Recurring characters included addle-brained hockey player Big Bobby Clobber (Broadfoot), Sgt. Renfrew of the Royal Canadian Mounted Police (Broadfoot), and socialite Amy De La Pompa (Morgan), along with political figures such as Brian Mulroney, Joe Clark, and Pierre Trudeau. Additional characters included Prof. Hieronymus Wombat of the National Research Council and funeral director Hector Baggley.

Another recurring character, making vacant-minded political comments, was the Honourable David J. Broadfoot, Member of Parliament for Kicking Horse Pass and leader of the New Apathetic Party. Broadfoot had been performing as this character for years, and had appeared on Canadian and American television as "The Honourable Member" as early as the 1950s, long before his tenure with Air Farce.

Air Farce Productions Inc., which was incorporated in 1978, is the legal owner of the Royal Canadian Air Farce and owns the troupe's works. John Morgan, Roger Abbott, and Don Ferguson were the long-time business partners. Morgan sold his share of the company to Abbot and Ferguson when he retired in 2001. Since the death of Abbot in 2011, Don Ferguson has been the company's sole owner. Ferguson was the producer of the Air Farce television series since 2004 ; he was the executive producer of the annual Air Farce New Year's Eve specials from 2010 to 2019.[9]

Trying out TV


In 1977, Air Farce writers Abbott, Broadfoot, Ferguson, and Morgan adapted several of their radio sketches for television, in addition to writing new material.[citation needed] The sketches were aired as the first two episodes of the six-part CBC series Krazy House, a compendium of sketch comedy pieces from various Canadian writers and performers that aired in January and February 1977. Broadfoot was the only Air Farce cast member to appear on-camera in these two episodes, which also starred Billy Van, amongst others. The fifth episode of Krazy House was written entirely by Morgan, and featured Air Farce cast member Luba Goy along with Billy Van, Harvey Atkin, and others.[citation needed]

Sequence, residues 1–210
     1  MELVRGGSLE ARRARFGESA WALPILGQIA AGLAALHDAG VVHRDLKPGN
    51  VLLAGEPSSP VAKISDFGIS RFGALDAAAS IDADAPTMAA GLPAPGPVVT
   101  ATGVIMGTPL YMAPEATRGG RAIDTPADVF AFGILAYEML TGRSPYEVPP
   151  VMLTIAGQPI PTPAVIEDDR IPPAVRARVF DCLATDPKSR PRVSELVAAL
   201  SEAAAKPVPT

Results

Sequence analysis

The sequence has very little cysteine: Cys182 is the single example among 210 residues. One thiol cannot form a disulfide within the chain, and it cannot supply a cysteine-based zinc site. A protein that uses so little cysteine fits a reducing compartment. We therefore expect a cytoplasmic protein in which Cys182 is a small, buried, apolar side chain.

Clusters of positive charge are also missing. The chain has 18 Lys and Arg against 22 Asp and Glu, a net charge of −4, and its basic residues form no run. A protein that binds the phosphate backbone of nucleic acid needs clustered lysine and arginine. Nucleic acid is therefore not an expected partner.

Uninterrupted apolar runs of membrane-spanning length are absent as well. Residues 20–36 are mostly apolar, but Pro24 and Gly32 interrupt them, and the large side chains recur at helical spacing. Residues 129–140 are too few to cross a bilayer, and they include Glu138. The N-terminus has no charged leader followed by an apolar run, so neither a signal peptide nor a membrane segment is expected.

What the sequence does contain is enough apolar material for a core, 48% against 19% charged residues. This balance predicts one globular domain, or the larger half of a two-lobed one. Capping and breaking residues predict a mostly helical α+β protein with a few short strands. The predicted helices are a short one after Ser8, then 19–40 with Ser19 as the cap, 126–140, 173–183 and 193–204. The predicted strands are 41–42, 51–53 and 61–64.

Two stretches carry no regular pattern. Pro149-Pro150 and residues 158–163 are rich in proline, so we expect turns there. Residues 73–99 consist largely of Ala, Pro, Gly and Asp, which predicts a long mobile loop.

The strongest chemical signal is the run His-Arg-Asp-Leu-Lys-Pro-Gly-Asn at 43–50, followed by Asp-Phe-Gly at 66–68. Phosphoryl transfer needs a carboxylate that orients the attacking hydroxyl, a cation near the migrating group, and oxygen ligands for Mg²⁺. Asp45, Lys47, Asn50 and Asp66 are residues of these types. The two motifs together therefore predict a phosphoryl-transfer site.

The Farce troupe recorded a one-hour television special in 1980. It was developed as a ten-week series and two sequel specials, in addition to their regular radio series. The shows were performed in front of a live studio audience, mixing fully produced sketches with some sketches that were essentially staged versions of the radio show, featuring the cast members standing around a microphone reading from scripts rather than acting out the roles. Despite the decent ratings for the initial special, staging the radio sketches in such a way did not translate well on television, and the Air Farce faded from CBC TV by 1983. In 1984, the troupe's live Toronto stage show was videotaped as a pay-TV special, and subsequently broadcast on Ontario's Global Television Network.[10]

The troupe continued on radio, though, where they flourished for the next decade. While the first decade of the show was largely recorded before a live audience at CBC Radio's Cabbagetown studio in Toronto, from 1984 to 1992 the show was recorded for broadcast on the road in communities across Canada. In this period, troupe also performed in non-broadcast concert and theatrical performances across North America.[10] Some popular sketches in the late 1980s and early 1990s included "joint broadcasts" by CTV and CBC, overlaying opening theme music. When The Journal debuted on CBC in 1982, Air Farce spoofed the program's repeated use of the "sounder", and the use of satellite to connect people to talk to one another (including husband in living room to wife in the kitchen), as well as the seeming similarity between original hosts Barbara Frum and Mary Lou Finlay.[citation needed]